“The bigger part of our response over the next year, and then really over the next five years, is how do you really help countries get bigger private sectors, more jobs, including jobs for women and education for girls.”
When David Malpass began his five-year term as president of the World Bank Group in 2019, he could not foresee that months later his institution would face its greatest test since the post-World War II era. Since its founding in 1947, the World Bank has had one mission: to end extreme poverty and promote shared, sustainable prosperity among its 189 member countries. But as the pandemic ground on throughout 2020, the fallout created extreme challenges to those goals, beginning with our youngest and most vulnerable.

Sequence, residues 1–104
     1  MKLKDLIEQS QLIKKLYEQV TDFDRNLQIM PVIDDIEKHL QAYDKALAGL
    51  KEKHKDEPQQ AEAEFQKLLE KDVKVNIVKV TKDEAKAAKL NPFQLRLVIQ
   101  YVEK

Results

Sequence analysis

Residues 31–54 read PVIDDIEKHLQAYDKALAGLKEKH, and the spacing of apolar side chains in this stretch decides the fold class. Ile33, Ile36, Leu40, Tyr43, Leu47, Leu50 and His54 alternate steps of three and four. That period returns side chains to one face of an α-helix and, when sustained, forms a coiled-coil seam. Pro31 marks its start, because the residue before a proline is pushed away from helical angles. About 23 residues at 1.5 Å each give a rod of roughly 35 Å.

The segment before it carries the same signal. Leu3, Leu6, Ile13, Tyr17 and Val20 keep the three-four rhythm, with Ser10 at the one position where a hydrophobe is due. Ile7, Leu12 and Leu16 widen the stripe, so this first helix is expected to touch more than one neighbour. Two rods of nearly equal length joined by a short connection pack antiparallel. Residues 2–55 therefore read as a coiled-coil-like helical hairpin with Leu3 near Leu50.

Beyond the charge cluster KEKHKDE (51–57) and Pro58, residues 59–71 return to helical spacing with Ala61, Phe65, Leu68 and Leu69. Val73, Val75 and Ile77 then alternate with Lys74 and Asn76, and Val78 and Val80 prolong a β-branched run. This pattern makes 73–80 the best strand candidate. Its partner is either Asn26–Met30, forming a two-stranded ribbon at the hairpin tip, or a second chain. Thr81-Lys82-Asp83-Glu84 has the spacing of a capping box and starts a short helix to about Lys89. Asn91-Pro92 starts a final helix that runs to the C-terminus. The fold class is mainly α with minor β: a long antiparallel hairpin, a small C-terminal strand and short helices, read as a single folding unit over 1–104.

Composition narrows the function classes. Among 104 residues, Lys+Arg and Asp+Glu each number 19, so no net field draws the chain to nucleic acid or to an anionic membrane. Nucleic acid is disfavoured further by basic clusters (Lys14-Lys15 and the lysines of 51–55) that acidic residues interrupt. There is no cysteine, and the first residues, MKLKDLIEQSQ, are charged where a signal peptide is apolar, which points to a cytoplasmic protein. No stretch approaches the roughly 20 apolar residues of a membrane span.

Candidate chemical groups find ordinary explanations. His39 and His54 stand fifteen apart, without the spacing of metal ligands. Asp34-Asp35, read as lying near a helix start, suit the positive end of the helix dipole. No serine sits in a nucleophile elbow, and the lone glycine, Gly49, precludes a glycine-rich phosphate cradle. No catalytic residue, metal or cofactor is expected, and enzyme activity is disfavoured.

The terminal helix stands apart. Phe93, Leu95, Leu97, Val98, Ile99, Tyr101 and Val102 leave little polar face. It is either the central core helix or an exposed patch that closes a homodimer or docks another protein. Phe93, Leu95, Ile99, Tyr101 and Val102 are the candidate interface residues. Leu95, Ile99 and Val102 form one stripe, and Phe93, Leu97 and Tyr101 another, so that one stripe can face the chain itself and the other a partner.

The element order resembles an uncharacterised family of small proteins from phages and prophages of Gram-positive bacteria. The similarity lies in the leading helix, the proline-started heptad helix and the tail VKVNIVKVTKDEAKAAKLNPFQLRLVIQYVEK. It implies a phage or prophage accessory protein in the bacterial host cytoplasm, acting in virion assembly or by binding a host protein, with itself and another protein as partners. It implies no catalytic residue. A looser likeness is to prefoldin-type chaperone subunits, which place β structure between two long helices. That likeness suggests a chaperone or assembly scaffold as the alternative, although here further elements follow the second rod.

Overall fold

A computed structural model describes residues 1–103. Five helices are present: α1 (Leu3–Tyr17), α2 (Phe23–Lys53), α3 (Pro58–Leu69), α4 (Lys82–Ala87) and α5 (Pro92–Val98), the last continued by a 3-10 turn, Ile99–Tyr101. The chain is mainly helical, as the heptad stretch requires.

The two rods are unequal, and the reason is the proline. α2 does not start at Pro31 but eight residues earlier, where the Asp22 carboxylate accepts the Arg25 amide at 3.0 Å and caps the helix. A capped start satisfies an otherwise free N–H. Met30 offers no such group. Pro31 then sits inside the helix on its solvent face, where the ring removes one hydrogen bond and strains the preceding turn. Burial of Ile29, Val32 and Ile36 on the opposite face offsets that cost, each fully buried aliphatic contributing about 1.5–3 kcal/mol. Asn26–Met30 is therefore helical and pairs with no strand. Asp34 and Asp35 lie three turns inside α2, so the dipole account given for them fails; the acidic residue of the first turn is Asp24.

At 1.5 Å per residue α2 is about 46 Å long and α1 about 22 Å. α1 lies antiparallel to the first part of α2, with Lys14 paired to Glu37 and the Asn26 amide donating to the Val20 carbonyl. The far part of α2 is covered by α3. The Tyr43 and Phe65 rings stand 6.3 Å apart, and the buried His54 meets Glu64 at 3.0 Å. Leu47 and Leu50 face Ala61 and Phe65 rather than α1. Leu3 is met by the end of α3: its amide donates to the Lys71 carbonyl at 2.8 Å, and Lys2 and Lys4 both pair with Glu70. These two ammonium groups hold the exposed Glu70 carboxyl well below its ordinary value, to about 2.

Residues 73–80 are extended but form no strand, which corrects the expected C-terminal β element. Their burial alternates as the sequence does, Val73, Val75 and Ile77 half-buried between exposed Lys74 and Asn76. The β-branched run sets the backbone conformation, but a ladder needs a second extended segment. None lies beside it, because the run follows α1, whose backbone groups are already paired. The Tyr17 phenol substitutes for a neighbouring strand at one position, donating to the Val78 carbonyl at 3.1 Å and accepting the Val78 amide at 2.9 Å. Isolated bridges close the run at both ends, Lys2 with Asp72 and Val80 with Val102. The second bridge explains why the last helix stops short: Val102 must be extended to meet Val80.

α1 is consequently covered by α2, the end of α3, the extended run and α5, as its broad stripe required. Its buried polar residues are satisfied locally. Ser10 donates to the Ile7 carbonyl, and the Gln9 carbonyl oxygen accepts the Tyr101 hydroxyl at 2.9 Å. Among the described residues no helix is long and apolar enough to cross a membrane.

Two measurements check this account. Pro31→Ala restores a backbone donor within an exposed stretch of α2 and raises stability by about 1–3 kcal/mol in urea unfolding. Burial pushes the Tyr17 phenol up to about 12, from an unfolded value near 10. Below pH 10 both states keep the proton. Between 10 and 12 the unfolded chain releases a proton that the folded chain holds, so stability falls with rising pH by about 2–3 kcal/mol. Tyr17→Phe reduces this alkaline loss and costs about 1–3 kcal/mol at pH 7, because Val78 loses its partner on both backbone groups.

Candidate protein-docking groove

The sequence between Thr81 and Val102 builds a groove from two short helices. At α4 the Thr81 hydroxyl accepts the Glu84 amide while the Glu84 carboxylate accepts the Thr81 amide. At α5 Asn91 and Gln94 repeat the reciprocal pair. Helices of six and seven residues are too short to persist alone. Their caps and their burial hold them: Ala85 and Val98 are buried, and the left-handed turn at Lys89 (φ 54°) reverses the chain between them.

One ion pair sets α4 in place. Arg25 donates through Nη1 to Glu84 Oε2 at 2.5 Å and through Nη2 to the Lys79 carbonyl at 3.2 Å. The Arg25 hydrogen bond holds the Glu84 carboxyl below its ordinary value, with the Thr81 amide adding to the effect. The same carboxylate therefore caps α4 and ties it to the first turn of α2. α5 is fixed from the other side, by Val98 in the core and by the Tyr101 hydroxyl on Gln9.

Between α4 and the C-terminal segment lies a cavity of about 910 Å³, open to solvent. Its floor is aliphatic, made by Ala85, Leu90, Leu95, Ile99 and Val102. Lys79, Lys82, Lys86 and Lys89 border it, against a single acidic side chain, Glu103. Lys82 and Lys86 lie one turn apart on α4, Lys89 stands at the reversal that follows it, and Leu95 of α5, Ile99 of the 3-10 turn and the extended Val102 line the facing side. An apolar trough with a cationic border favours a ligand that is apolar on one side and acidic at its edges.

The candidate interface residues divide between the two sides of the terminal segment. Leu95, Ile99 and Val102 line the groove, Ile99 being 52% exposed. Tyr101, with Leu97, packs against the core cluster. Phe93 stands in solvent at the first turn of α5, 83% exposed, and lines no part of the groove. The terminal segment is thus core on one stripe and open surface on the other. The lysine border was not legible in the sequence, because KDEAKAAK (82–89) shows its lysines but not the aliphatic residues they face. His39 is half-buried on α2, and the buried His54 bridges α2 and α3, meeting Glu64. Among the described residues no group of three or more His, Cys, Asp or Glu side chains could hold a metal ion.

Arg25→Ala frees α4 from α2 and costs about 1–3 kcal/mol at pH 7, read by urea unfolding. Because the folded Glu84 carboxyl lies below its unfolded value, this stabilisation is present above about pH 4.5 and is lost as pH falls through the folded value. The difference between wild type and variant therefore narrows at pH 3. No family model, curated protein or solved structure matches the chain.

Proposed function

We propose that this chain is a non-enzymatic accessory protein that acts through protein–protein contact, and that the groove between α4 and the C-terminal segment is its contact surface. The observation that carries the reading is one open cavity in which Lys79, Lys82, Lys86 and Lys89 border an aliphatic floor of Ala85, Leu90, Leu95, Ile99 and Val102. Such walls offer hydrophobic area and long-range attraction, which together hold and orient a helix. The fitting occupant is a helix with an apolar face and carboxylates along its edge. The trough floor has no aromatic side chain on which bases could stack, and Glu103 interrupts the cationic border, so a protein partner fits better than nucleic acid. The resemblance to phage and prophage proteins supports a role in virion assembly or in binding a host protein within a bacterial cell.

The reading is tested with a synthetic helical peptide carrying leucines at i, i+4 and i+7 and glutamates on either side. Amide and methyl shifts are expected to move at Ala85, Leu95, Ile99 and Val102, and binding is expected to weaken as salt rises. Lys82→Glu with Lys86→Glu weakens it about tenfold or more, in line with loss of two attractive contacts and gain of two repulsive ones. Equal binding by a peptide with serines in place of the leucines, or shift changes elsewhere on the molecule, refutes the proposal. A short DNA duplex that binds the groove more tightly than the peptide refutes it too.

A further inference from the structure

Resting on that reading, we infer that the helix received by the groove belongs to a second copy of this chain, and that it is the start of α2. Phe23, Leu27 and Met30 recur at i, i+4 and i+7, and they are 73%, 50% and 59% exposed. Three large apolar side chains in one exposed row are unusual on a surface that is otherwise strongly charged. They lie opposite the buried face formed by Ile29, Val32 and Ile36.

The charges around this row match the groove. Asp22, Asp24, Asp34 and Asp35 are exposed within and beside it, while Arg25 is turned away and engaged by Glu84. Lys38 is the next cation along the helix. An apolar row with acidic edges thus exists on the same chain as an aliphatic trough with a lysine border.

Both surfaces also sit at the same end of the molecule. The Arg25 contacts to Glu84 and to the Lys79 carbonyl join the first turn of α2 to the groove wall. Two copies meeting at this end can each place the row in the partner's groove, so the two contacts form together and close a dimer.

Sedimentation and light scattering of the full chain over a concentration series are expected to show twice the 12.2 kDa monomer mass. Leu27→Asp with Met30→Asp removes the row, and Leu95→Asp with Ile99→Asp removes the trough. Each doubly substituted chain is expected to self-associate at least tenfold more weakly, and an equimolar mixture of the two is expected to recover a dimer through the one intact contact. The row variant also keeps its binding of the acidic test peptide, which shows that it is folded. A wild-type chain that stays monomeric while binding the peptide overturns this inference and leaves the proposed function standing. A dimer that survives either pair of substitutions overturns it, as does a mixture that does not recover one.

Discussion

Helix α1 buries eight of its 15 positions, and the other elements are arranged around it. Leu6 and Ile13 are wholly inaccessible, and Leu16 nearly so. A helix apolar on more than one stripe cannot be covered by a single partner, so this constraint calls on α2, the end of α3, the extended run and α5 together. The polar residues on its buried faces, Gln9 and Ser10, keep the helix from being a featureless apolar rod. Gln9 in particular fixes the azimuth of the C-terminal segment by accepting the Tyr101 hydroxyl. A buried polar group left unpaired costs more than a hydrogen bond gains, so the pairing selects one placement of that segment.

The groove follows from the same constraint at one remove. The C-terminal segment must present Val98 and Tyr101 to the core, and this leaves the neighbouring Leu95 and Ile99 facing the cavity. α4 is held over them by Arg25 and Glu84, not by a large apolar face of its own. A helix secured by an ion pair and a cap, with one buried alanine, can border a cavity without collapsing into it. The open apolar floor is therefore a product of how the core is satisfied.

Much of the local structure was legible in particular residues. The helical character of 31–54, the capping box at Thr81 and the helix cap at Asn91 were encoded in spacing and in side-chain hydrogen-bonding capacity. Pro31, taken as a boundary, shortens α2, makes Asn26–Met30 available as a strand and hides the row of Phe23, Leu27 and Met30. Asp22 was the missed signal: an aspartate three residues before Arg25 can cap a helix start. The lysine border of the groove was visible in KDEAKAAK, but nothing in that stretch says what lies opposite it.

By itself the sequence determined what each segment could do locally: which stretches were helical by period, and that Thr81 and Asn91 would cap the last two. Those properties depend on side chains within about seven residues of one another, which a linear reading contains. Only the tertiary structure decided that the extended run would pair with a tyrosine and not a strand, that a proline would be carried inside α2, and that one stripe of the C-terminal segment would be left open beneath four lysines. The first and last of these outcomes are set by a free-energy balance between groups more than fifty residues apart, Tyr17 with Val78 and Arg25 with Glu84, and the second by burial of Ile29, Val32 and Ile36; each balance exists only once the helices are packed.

“With COVID hitting, as many as a billion children are still out of school in the developing world alone,” he tells Mike. “And the data shows pretty clearly that when children are out of school, they move backwards. So one of our priorities is to get kids back in school … in a safe way. The food programs and nutrition programs, the vaccination programs – those are all driven at the school level. And so that becomes a high priority for what we're trying to do.”